You should have a better understanding of red flags and knowing when someone isn’t suitable for you right away. Lies, even little ones, changing plans all the time last minute, having a full blown argument in public and others are definite red flags. Carry on this relationship to your own peril. It’s like that Maya Angelou quote, “When someone shows you who they are, believe them the first time.” Lots of people ignore problems in the beginning of a relationship because they are so caught up in how the relationship makes them feel, or because they are happy and just don’t want to be bothered with anything that might undermine that happiness. It’s great to have those feelings but ignoring these warning signs will only make things much more painful down the road. It’s best to nip it in the bud or let this one go right in the beginning and save yourself a lot of heartache. Though it may sound silly, it’s true. You do come to understand the value and appreciate healthy relationships once you have been through a bad one. You can also recognize it better. A bad relationship shows you how not to act towards a partner, things not to do and the consequences of those negative actions. Being through a bad relationship actually makes us a better partner, though it may not feel that way at the time. Being in a bad relationship makes you more compassionate and understanding, not only to yourself but also to the plight of others. We are more likely to reflect on and pivot away from our own bad behavior once we’ve experienced a relationship such as this.

Lots of times we have a gut feeling that something isn’t right with the person we are dating or worse are married to. But we ignore it and in hindsight we see that if we had just listened to that little voice in the back of our head, we wouldn’t have gotten into the situation that we did. A negative relationship can help you trust your instincts more, trust yourself more and become more integrated as a person. If you are the type to rationalize too many things away, chances are a learning experience like this will help you to trust yourself more and rationalize less. Some people can’t stand being single. They’d rather have a relationship, even a subpar one than be alone. But this stems from insecurity. A good relationship should be the meeting of two confident individuals who don’t need each other but feel their life experience is significantly enhanced by being together. A bad relationship may help someone who is insecure to understand that there are worse things than being alone, and in being alone start to work through issues that they’ve been blanketing over, such as insecurity. Finally, when you can’t trust your partner, when things fall apart you learn to trust in yourself, one of the greatest lessons any of us can learn, though some learn this lesson in far more grueling circumstances than others. For more, check out the book Love Is a Choice: The Definitive Book on Letting Go of Unhealthy Relationships by Dr. Robert Hemfelt, Dr. Frank Minirth and Paul Meier M.D.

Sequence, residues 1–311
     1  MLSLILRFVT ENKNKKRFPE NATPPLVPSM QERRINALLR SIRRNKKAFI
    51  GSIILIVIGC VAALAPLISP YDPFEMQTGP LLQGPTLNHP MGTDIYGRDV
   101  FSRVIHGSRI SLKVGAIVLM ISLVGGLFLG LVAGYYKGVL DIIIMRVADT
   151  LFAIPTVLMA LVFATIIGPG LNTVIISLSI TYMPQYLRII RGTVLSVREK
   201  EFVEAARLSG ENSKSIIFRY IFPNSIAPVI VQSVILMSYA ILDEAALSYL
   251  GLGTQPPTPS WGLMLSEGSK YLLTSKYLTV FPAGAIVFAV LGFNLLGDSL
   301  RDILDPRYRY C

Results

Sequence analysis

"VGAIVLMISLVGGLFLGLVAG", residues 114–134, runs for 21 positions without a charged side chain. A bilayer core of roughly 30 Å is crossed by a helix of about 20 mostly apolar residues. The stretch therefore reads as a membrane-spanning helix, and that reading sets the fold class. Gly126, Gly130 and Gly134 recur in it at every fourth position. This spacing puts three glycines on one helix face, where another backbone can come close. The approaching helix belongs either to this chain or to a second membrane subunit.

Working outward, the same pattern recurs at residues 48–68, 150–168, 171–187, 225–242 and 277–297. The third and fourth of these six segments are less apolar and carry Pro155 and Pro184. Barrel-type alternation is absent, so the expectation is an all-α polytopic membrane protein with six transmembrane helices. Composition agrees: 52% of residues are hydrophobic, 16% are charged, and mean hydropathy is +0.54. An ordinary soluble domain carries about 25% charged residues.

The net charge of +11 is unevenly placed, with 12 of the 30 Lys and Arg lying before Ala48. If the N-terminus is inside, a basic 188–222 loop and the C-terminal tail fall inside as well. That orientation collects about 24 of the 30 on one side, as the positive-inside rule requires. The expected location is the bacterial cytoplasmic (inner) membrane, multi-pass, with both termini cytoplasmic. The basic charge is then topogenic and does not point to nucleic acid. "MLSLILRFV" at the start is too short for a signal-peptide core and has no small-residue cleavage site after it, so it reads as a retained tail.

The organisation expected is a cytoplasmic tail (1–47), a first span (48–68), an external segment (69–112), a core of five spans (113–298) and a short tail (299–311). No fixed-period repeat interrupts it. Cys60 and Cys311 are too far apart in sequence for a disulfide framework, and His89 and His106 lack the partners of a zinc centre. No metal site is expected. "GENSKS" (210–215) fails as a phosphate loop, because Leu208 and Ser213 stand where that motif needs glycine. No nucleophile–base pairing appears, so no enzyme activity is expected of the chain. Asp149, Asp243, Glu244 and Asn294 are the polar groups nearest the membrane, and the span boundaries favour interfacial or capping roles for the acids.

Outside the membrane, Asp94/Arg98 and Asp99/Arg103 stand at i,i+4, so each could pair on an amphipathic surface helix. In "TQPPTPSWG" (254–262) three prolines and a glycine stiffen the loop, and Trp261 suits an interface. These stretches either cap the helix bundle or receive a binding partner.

The One for you May have This Quality

the one

The One for you May have This Quality